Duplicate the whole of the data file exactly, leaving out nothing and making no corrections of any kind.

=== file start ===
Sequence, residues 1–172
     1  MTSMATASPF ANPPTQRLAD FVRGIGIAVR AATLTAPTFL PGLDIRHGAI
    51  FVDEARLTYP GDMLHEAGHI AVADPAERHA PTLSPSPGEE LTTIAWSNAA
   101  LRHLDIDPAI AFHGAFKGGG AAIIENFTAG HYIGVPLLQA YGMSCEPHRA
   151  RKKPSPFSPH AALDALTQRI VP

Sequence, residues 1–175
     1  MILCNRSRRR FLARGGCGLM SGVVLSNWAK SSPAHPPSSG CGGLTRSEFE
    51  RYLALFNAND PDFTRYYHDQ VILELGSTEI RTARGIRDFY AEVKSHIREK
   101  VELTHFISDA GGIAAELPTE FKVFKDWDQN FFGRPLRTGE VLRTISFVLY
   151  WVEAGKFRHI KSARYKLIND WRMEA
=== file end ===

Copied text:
Sequence, residues 1–172
     1  MTSMATASPF ANPPTQRLAD FVRGIGIAVR AATLTAPTFL PGLDIRHGAI
    51  FVDEARLTYP GDMLHEAGHI AVADPAERHA PTLSPSPGEE LTTIAWSNAA
   101  LRHLDIDPAI AFHGAFKGGG AAIIENFTAG HYIGVPLLQA YGMSCEPHRA
   151  RKKPSPFSPH AALDALTQRI VP

Sequence, residues 1–175
     1  MILCNRSRRR FLARGGCGLM SGVVLSNWAK SSPAHPPSSG CGGLTRSEFE
    51  RYLALFNAND PDFTRYYHDQ VILELGSTEI RTARGIRDFY AEVKSHIREK
   101  VELTHFISDA GGIAAELPTE FKVFKDWDQN FFGRPLRTGE VLRTISFVLY
   151  WVEAGKFRHI KSARYKLIND WRMEA